You ARE important, we WANT you to participate in the Horribly Hilly, but supply and demand are not in balance for this ride. Please consider being fair, conscientious, honest and mildly selfless in regards to registration and participation.

The above was the response from the director of the HHH regarding the change he made to the change he made in registration.

Confused? You should be.

The HHH has turned into an immensely popular ride. Since it's inception, it was grown and grown, attracting riders from farther off in the country. Unfortunately, while the popularity of the ride has increased amongst cyclist, the popularity has not improved with the townships the route takes us through. As such, there has been a very strict rider limit for every year of the ride. Last year, 1,000 were allowed to register from the start, and then an additional 300 were selected via lottery. The whole idiocy of the local folk not accepting more riders is an entirely different issue all together and won't be discussed right now.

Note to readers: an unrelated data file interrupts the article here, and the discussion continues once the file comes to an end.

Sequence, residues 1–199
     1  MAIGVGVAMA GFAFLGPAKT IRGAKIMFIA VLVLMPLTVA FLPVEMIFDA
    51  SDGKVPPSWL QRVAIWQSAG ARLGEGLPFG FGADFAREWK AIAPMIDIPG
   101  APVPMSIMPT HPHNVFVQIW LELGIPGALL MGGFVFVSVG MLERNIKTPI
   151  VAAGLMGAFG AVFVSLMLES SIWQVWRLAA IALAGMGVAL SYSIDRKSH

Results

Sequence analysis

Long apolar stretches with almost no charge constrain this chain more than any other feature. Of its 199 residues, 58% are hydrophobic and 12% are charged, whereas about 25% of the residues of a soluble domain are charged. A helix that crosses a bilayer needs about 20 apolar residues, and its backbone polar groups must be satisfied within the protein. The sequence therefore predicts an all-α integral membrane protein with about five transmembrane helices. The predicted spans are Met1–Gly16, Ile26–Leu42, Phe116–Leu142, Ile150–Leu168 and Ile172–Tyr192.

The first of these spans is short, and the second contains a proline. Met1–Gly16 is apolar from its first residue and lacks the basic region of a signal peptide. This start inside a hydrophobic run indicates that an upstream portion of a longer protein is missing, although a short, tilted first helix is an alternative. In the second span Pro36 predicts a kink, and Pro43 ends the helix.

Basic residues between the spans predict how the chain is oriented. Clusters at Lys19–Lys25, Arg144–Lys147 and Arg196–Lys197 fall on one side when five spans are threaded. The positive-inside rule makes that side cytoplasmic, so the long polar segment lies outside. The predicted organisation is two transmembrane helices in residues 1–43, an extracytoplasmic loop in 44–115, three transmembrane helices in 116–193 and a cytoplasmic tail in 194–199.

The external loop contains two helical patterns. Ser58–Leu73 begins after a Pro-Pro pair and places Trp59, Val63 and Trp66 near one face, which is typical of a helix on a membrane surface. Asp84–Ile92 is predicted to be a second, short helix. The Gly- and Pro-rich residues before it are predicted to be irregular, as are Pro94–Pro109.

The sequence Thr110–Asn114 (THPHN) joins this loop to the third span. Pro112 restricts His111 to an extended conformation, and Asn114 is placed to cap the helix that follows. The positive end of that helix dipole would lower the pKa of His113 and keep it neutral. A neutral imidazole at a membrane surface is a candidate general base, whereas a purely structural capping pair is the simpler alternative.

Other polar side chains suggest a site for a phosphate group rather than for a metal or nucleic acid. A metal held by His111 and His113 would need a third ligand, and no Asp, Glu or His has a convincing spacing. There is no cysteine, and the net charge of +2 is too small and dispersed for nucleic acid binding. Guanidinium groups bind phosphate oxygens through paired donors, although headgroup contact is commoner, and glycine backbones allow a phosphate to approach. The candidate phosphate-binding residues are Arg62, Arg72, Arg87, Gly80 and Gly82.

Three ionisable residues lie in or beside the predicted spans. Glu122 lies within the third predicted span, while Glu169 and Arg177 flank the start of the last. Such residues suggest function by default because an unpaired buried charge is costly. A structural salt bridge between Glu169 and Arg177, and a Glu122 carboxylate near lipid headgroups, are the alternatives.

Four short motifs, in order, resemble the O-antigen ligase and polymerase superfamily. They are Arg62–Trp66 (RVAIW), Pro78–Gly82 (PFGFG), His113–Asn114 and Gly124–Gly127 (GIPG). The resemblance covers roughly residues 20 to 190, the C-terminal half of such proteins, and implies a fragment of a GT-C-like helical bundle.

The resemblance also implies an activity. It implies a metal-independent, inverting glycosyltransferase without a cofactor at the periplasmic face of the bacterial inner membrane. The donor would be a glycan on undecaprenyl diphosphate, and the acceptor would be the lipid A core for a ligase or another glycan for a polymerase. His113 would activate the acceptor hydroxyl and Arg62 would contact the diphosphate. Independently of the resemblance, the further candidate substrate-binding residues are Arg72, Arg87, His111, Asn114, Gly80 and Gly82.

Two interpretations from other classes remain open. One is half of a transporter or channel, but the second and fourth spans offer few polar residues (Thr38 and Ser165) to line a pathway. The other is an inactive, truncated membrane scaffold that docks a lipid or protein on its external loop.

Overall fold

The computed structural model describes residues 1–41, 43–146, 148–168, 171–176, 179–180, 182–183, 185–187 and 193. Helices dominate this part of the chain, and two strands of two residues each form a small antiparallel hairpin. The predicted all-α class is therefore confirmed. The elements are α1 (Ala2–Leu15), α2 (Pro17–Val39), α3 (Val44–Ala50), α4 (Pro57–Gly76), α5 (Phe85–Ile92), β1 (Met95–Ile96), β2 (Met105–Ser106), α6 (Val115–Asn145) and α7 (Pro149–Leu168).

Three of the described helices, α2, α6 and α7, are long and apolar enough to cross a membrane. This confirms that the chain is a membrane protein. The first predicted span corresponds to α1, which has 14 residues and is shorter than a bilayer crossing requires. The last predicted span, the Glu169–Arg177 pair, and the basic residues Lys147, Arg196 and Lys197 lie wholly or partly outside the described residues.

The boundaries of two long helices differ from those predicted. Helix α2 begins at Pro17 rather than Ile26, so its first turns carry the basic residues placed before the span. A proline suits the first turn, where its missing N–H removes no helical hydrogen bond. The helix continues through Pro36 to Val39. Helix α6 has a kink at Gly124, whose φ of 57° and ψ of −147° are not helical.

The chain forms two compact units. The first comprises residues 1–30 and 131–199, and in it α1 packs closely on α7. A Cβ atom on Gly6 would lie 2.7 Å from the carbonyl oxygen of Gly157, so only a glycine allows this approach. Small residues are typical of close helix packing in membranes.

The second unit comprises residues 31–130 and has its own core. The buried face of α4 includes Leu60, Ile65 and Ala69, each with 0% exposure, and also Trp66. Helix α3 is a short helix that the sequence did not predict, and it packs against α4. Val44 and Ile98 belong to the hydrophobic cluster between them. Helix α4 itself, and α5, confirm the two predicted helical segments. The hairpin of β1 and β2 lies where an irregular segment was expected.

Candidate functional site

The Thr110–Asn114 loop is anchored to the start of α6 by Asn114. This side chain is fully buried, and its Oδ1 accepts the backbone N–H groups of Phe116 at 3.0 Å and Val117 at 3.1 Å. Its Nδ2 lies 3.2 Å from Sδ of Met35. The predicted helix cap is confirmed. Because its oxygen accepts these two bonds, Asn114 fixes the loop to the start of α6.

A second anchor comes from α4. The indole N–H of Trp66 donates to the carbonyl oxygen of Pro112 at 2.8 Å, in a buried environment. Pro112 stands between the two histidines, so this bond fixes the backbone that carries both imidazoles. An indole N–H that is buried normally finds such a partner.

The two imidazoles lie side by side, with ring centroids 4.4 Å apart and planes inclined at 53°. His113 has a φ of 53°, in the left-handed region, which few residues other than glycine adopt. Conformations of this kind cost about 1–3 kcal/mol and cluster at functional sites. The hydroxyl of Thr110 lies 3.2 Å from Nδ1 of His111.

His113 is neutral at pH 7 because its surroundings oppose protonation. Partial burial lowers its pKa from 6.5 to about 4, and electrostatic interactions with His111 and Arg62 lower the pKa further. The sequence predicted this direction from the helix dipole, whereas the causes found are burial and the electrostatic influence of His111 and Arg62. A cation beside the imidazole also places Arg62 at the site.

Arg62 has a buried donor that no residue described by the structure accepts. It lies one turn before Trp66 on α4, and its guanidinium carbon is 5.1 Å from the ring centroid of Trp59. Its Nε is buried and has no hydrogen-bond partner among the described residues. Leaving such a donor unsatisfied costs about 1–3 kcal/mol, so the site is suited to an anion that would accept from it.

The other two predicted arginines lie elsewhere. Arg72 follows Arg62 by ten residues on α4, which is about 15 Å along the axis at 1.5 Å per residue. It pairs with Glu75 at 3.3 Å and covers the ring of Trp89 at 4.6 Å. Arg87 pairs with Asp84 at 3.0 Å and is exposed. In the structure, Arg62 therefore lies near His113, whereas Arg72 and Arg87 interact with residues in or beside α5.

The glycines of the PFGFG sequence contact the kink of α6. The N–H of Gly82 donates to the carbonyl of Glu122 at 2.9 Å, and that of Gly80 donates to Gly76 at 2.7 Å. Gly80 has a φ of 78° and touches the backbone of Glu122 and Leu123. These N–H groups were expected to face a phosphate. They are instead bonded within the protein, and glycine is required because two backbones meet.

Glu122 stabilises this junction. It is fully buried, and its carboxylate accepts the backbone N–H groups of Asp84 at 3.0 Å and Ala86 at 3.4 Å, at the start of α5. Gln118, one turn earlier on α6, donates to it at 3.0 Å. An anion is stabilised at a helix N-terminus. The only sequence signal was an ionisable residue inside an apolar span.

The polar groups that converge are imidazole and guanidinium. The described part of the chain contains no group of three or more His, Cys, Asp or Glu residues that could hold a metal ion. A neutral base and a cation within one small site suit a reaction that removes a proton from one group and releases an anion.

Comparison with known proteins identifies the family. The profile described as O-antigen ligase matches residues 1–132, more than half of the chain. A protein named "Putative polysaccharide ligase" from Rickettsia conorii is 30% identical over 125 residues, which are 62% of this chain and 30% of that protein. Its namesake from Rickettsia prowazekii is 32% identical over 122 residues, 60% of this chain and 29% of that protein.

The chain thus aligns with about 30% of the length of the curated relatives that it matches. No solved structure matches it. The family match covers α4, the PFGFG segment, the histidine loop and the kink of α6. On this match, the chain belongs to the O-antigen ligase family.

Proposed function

Clearly something needs to change with regard to how registration takes place. Before it was a free for all and you would sit at the computer at the designated time and curse, possibly cry, and constantly reload a dead server until you were fortunate to get through and have your spot processed. Some made it. Others didn't. The above statement from the director points out valid complaints with this, however I don't feel they warranted a change because of that. One comment was about slow Internet access, another was about it filling in minutes. While these are warranted, they are hollow complaints. I personally have registered the last 2 years with a computer that has been "touchy" with regard to Internet connection. And not being at the computer at the designated time, well, that's too bad for you. The people who put on this ride announce plenty early enough so that you can get your day in order to be at the computer at the time. And don't whine about your job or home life preventing this: The last 3 times I've registered I've worked in the healthcare industry with healthcare hours, my wife was working as well as going to school full time, and we were chasing around a toddler son. Point is, I knew when the HHH opened for registration those 3 years and made the necessary adjustments to allow myself the 10 minutes needed to register. If you couldn't do that, well too bad. Those of us truly interested in doing the ride knew what to expect and planned accordingly.